Encouraging community gardens and urban farming initiatives can increase access to fresh produce, especially in areas where nutritious options are scarce. These initiatives empower communities to grow their own food, reducing dependence on expensive store bought options and improving access to healthy choices.
Investing in sustainable agriculture practices can help reduce the overall cost of nutritious foods over time. By supporting regenerative farming methods, organic agriculture, and reducing reliance on chemical inputs, the cost of producing healthier foods can be lowered, making them more affordable for consumers.
Everyone’s body is unique, and what works for one might not work for another. How does one navigate the vast array of nutritional advice available today to curate a diet tailored to individual needs, ensuring health and longevity?
Seek guidance from a healthcare professional who can provide personalized advice based on your specific health goals, medical history, and dietary preferences. They can help you navigate through conflicting information and develop a customized nutrition plan.
Take into account your unique needs and goals when curating a diet. Factors such as age, sex, activity level, existing health conditions, and personal preferences play a role in determining nutritional requirements. For example, athletes may have different needs compared to sedentary individuals, and those with specific health conditions may require specialized diets.
Pay attention to how your body responds to different foods. Experiment and observe how you feel after consuming certain foods. This self-awareness can help identify any food sensitivities, intolerances, or allergies and guide your dietary choices accordingly.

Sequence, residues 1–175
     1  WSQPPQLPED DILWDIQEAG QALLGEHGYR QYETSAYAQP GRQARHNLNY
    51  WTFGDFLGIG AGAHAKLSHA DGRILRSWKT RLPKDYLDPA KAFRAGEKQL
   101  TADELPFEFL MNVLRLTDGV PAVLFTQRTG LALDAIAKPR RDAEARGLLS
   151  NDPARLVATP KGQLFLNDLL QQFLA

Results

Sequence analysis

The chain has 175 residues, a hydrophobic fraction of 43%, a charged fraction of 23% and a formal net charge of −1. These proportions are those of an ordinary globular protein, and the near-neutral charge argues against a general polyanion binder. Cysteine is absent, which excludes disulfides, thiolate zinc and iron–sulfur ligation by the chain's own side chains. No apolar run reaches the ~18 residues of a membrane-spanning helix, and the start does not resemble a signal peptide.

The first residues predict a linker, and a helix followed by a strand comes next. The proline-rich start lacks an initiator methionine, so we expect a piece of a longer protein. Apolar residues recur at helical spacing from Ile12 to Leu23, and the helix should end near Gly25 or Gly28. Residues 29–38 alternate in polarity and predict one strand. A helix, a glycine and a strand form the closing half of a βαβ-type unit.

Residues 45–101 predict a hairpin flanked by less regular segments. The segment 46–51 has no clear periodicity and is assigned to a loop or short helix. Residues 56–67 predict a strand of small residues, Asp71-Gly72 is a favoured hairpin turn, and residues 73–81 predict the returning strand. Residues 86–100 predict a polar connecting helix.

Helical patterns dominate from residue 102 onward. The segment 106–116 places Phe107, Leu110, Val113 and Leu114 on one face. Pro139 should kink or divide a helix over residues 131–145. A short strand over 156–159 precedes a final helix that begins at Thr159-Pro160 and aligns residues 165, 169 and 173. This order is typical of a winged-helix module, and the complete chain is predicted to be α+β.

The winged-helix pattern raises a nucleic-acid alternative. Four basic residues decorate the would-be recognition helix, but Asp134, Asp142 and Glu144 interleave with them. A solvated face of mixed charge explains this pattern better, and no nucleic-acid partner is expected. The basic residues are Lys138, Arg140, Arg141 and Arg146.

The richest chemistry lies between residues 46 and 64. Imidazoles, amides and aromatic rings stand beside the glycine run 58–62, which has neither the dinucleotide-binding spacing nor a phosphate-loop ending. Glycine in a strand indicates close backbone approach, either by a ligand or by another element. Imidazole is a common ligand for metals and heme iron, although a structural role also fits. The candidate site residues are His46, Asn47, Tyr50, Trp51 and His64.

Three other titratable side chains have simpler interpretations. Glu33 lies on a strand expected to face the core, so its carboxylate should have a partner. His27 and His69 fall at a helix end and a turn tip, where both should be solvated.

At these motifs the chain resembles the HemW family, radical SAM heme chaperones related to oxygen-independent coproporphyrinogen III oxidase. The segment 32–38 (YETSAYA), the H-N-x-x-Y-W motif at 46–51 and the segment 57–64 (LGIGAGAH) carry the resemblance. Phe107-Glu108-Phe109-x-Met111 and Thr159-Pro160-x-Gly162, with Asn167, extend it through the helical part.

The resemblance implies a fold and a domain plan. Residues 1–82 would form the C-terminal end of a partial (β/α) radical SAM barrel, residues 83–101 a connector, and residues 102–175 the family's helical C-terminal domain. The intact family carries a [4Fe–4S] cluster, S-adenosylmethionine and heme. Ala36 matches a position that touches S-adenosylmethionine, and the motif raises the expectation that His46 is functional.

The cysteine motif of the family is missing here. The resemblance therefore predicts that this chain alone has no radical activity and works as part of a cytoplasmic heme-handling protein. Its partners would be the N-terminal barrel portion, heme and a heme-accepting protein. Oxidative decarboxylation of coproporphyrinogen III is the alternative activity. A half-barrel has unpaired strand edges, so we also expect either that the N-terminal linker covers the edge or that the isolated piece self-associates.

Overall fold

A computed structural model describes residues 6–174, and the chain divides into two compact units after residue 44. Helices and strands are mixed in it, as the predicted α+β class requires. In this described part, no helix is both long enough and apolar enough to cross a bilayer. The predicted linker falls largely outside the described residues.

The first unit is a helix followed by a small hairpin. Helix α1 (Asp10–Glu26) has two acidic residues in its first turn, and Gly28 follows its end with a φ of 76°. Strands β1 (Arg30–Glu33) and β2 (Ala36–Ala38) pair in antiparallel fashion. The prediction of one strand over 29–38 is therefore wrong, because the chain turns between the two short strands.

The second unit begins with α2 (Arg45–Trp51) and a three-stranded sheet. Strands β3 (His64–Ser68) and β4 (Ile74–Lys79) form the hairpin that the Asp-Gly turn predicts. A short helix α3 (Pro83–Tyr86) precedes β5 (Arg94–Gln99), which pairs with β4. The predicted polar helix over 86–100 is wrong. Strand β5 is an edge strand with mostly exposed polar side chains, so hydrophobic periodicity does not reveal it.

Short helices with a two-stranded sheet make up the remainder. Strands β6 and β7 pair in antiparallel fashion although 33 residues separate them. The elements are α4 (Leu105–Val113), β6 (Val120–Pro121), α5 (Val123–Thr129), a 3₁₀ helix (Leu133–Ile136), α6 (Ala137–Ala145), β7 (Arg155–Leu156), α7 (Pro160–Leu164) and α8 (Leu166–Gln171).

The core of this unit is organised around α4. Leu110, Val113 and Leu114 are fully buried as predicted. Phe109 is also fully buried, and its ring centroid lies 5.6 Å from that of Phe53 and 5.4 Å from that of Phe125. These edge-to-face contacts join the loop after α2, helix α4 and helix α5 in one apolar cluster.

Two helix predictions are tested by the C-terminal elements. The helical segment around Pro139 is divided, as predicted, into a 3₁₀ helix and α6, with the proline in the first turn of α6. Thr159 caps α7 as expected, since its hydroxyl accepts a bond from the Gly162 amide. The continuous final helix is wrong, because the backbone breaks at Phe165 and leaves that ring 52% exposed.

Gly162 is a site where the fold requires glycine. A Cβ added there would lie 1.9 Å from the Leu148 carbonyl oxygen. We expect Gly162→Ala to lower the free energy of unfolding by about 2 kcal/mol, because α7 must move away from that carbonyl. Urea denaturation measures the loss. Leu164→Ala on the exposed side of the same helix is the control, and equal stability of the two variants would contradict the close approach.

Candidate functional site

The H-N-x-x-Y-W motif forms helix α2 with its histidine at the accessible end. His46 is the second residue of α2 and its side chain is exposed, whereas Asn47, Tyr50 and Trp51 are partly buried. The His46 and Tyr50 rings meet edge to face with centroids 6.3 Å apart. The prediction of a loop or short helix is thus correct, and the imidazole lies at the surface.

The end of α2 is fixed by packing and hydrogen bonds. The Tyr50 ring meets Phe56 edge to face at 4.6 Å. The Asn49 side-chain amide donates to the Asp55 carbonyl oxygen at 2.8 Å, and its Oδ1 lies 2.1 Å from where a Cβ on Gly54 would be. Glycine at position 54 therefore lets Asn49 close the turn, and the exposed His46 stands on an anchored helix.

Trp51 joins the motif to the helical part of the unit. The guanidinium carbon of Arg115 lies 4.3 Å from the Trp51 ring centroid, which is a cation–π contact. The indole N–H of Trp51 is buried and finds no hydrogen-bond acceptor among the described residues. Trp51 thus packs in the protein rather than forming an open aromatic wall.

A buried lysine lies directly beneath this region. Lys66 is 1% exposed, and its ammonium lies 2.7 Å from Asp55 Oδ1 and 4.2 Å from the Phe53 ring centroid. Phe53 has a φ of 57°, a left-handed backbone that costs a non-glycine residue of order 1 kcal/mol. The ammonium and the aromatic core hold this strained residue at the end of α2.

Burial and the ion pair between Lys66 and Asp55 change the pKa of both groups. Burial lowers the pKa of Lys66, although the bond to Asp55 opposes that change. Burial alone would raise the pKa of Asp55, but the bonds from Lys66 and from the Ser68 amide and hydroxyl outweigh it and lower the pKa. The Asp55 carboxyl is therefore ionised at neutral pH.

Focusing on whole, minimally processed foods is generally beneficial for health. Emphasize fruits, vegetables, lean proteins, and healthy fats. These foods provide a wide range of nutrients and are less likely to cause adverse effects compared to highly processed or sugary foods.
As our understanding of the intricate link between food and health continues to evolve, we’re curious to know which emerging trends or breakthroughs in nutritional science excite you the most. How do you envision these advancements shaping the future of healthcare?
One exciting area is personalized nutrition, where advancements in technology and genetics allow us to tailor diets to meet individual needs. This means that we can optimize nutrition based on a person’s unique genetic makeup, lifestyle, and health goals.
Another exciting trend is the exploration of the gut microbiome and its impact on overall health. Research has shown that the trillions of microorganisms living in our gut play a crucial role in digestion, immunity, and even mental health. Understanding how specific foods and dietary patterns influence the gut microbiome opens up new avenues for preventing and treating various health conditions.